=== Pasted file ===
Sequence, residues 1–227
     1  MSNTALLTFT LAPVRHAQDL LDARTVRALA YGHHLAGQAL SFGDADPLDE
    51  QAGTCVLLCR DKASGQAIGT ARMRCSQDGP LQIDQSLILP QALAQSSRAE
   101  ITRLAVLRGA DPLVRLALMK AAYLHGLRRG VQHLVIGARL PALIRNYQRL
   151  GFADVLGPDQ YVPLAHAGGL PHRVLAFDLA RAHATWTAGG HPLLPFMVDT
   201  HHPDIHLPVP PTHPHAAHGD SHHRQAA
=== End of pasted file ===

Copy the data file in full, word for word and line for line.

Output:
Sequence, residues 1–227
     1  MSNTALLTFT LAPVRHAQDL LDARTVRALA YGHHLAGQAL SFGDADPLDE
    51  QAGTCVLLCR DKASGQAIGT ARMRCSQDGP LQIDQSLILP QALAQSSRAE
   101  ITRLAVLRGA DPLVRLALMK AAYLHGLRRG VQHLVIGARL PALIRNYQRL
   151  GFADVLGPDQ YVPLAHAGGL PHRVLAFDLA RAHATWTAGG HPLLPFMVDT
   201  HHPDIHLPVP PTHPHAAHGD SHHRQAA